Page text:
U.N. Coordinator Watkins tells VOA the two-year strategic plan goes beyond food and health care humanitarian projects. He says it deals with more developmental projects. The aim is to address the root causes so people will be better equipped to tackle the effects of drought.

“The biggest issue facing Djibouti today is the lack of water," he said. "People depend on water for their livelihoods, essentially for their livestock… So, we are doing a lot of projects and so there is less waste of water.”  

Nearly half of Djibouti’s population is unemployed.  Watkins says the strategic plan will try to address this problem in various ways. For one, the U.N. will try to reconstitute the livestock, which has been lost. But, equally important, he says is to find alternative ways for people to make a living. He says training people in the skills needed to work in the ports is one of the plans being developed.

You May Like

Video Russia’s Syrian Escalation Tests Obama’s Crisis Response

Critics once again question whether president has been slow to act on Syrian conflict, thus creating opening for powers like Russia More

Ancient African DNA Shows Mass Migration Back Into Africa

First genetic analysis of ancient human remains in Africa suggests massive migration from north around time of Egyptian empire More

NASA: Pluto Has Blue Sky

New photos also reveal the presence of water ice More

This forum has been closed.
There are no comments in this forum. Be first and add one

Featured Videos

Your JavaScript is turned off or you have an old version of Adobe's Flash Player. Get the latest Flash player.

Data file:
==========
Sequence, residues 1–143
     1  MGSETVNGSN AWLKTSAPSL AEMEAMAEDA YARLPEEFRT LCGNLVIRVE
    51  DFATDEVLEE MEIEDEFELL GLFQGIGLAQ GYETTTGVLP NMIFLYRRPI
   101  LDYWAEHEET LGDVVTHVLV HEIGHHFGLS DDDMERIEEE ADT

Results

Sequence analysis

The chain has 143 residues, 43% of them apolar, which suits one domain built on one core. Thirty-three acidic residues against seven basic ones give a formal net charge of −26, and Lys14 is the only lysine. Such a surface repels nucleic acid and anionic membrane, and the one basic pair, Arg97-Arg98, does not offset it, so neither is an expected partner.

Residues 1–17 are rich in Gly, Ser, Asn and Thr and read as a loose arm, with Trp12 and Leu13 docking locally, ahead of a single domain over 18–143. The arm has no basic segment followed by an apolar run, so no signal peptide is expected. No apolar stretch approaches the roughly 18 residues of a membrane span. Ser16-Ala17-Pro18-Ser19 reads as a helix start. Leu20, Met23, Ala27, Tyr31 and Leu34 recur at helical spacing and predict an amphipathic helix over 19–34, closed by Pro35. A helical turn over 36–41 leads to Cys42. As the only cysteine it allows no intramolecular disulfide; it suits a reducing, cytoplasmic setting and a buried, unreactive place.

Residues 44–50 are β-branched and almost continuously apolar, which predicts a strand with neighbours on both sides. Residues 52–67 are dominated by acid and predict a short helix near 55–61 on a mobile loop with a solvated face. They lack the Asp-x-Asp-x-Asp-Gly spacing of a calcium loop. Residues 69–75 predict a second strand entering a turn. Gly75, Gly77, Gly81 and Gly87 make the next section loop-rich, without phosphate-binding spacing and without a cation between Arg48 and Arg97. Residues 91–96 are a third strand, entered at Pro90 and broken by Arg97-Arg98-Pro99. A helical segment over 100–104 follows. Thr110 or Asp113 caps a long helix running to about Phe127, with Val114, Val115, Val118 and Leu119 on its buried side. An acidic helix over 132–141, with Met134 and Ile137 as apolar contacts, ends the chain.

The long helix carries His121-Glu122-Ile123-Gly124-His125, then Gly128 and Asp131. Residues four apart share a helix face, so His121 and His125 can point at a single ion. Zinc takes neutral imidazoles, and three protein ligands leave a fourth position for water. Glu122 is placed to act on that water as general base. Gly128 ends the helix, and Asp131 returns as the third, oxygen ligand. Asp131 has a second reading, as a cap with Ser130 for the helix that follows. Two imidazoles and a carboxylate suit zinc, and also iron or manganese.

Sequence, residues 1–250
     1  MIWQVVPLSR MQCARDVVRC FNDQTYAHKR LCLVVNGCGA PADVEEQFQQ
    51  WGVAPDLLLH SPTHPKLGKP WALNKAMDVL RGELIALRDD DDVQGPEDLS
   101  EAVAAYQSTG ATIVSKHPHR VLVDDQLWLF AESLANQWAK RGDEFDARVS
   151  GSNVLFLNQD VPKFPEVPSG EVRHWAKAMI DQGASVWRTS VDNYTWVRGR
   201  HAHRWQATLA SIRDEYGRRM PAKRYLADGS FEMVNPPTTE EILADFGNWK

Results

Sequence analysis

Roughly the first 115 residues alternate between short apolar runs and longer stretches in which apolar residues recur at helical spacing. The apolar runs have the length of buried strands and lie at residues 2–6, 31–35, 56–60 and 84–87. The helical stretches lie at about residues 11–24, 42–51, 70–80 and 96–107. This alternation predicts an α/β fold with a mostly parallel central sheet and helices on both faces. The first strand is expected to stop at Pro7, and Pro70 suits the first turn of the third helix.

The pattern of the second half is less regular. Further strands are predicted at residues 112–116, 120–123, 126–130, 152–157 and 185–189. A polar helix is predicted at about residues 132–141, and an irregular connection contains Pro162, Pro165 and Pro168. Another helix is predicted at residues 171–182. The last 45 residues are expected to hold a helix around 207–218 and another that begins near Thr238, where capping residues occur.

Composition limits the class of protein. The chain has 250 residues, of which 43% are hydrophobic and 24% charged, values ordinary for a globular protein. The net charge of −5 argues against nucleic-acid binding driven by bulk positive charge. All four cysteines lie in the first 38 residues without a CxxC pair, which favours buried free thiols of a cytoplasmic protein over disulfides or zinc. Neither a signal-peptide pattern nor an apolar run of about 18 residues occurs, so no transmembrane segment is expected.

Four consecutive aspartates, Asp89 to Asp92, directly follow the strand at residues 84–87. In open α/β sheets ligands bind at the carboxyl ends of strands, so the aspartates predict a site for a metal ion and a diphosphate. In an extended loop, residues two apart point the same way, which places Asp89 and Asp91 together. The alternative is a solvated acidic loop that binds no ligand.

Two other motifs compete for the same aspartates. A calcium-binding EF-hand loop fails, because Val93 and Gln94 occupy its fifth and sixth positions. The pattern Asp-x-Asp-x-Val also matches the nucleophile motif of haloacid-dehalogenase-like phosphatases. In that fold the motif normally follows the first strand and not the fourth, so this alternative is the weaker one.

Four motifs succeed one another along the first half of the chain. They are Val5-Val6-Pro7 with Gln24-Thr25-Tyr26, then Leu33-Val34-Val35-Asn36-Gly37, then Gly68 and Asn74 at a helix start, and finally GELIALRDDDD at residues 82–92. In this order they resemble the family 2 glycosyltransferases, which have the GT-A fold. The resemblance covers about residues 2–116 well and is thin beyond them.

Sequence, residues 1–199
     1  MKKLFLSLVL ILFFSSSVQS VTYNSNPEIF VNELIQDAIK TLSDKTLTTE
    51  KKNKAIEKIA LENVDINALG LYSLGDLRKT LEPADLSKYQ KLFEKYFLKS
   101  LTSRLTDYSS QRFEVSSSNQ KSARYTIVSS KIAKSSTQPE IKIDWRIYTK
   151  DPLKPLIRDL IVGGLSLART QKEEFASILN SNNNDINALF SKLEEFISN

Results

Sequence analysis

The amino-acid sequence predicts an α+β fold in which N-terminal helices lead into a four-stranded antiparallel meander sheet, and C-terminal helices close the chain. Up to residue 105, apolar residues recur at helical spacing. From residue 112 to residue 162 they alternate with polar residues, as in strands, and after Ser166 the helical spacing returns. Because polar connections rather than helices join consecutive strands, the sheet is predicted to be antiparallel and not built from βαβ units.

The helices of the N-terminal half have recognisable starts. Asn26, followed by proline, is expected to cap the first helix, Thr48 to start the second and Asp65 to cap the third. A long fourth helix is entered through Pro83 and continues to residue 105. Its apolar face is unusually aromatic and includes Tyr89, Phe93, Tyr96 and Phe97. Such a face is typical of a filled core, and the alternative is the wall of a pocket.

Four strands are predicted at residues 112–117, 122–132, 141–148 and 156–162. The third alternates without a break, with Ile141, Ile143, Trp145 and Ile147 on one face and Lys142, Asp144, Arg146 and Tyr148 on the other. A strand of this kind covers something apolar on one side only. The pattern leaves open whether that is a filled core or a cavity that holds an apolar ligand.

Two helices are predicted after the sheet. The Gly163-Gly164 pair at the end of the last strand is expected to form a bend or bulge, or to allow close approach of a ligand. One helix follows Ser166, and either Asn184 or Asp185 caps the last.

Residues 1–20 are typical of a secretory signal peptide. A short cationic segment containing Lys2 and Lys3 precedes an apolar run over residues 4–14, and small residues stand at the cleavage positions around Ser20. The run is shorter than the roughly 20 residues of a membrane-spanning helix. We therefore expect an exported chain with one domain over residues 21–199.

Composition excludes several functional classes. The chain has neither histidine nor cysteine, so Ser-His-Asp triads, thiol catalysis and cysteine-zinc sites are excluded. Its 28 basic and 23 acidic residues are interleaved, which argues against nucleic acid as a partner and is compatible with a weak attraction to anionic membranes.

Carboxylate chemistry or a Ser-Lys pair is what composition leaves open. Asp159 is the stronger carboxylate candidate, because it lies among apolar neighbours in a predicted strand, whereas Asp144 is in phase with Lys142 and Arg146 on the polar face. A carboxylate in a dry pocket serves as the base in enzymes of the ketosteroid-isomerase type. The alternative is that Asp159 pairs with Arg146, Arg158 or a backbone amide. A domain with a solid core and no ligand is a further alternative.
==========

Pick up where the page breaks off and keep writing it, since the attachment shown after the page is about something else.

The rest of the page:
Hungary Criticized for Handling of Refugeesi
Henry Ridgwell
October 08, 2015 8:02 PM
Amnesty International has accused Hungary of breaking multiple international and European human rights laws in its handling of the refugee crisis. As Henry Ridgwell reports, thousands of migrants and refugees continue to travel through the Balkans to Hungary every day.

Video Hungary Criticized for Handling of Refugees

Amnesty International has accused Hungary of breaking multiple international and European human rights laws in its handling of the refugee crisis. As Henry Ridgwell reports, thousands of migrants and refugees continue to travel through the Balkans to Hungary every day.

Video Iraqi-Kurdish Teachers Vow to Continue Protest

Sixteen people were injured when police used tear gas and rubber bullets to disperse teachers and other public employees who took to the streets in Iraq’s Kurdish north, demanding their salaries from the Kurdish Regional Government (KRG). VOA’s Dilshad Anwar, in Sulaimaniya, caught up with protesting teachers who say they have not been paid for three months. Parke Brewer narrates his report.

Video Syrian Village Community Faces Double Displacement in Lebanon

Driven by war from their village in southwestern Syria, a group of families found shelter in Lebanon, resettling en masse in a half-built university to form one of the biggest settlements of its kind in Lebanon. Three years later, however, they now face being kicked out and dispersed in a country where finding shelter as a refugee can be especially tough. John Owens has more for VOA from the city of Saida, also known as Sidon.